In order to do so, we have to reimagine what an archive can be.
HARI is uncompromising in our commitment to build and support intellectually challenging and innovative scholarship that both reflects the rigor and achievement of performance in Hiphop as well as transforms our thinking and our lives. We serve to organize and develop collections, initiate and participate in research activities, sponsor events and acquire material culture associated with Hiphop in the U.S. and throughout the world. We curate all forms of Hiphop material culture including recordings, videos, websites, films, original papers, works, references, productions, conferences, meetings, interviews, publications, research, formal proceedings, etc.
Check out the latest additions to our collections:
edited by Beverly Bond
From the award-winning entrepreneur, culture leader, and creator of the BLACK GIRLS ROCK! movement comes an inspiring and beautifully designed book that pays tribute to the achievements and contributions of black women around the world.
Fueled by the insights of women of diverse backgrounds, including Michelle Obama, Angela Davis, Shonda Rhimes, Misty Copeland Yara Shahidi, and Mary J. Blige, this book is a celebration of black women’s voices and experiences that will become a collector’s items for generations to come.
Maxine Waters shares the personal fulfillment of service. Moguls Cathy Hughes, Suzanne Shank, and Serena Williams recount stories of steadfastness, determination, diligence, dedication and the will to win. Erykah Badu, Toshi Reagon, Mickalane Thomas, Solange Knowles-Ferguson, and Rihanna offer insights on creativity and how they use it to stay in tune with their magic. Pioneering writers Rebecca Walker, Melissa Harris-Perry, and Joan Morgan speak on modern-day black feminist thought. Lupita Nyong’o, Susan Taylor, and Bethann Hardison affirm the true essence of holistic beauty. And Iyanla Vanzant reinforces Black Girl Magic in her powerful pledge. Through these and dozens of other unforgettable testimonies, Black Girls Rock! is an ode to black girl ambition, self-love, empowerment, and healing.
Pairing inspirational essays and affirmations with lush, newly commissioned and classic photography, Black Girls Rock!: Owning Our Magic and Rocking Our Truth is not only a one-of-a-kind celebration of the diversity, fortitude, and spirituality of black women but also a foundational text that will energize and empower every reader.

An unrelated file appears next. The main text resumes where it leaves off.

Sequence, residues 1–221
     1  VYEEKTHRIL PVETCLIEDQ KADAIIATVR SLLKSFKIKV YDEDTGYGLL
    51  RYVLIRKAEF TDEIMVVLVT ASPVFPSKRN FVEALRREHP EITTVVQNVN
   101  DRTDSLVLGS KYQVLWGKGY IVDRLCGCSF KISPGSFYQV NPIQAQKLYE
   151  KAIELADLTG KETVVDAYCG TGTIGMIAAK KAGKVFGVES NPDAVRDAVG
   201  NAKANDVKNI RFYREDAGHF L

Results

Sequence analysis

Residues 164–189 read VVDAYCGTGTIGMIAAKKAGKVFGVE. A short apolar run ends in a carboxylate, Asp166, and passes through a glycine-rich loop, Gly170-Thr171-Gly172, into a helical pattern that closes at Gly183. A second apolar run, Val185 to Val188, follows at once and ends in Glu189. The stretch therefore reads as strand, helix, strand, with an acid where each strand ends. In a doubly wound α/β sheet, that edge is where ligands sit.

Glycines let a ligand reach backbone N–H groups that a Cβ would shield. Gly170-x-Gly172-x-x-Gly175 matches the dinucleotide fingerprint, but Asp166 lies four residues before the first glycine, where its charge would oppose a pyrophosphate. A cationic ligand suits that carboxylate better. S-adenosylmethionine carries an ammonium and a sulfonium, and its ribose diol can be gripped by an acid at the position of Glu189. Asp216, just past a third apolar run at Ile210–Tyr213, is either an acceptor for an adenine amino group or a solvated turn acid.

PULSE OF THE PEOPLE: POLITICAL RAP MUSIC AND BLACK POLITICS
by Lakeyta M. Bonnette
Hip-Hop music encompasses an extraordinarily diverse range of approaches to politics. Some rap and Hip-Hop artists engage directly with elections and social justice organizations; others may use their platform to call out discrimination, poverty, sexism, racism, police brutality, and other social ills. In Pulse of the People, Lakeyta M. Bonnette illustrates the ways rap music serves as a vehicle for the expression and advancement of the political thoughts of urban Blacks, a population frequently marginalized in American society and alienated from electoral politics.
Pulse of the People lays a foundation for the study of political rap music and public opinion research and demonstrates ways in which political attitudes asserted in the music have been transformed into direct action and behavior of constituents. Bonnette examines the history of rap music and its relationship to and extension from other cultural and political vehicles in Black America, presenting criteria for identifying the specific subgenre of music that is political rap. She complements the statistics of rap music exposure with lyrical analysis of rap songs that espouse Black Nationalist and Black Feminist attitudes. Touching on a number of critical moments in American racial politics—including the 2008 and 2012 elections and the cases of the Jena 6, Troy Davis, and Trayvon Martin—Pulse of the People makes a compelling case for the influence of rap music in the political arena and greatly expands our understanding of the ways political ideologies and public opinion are formed.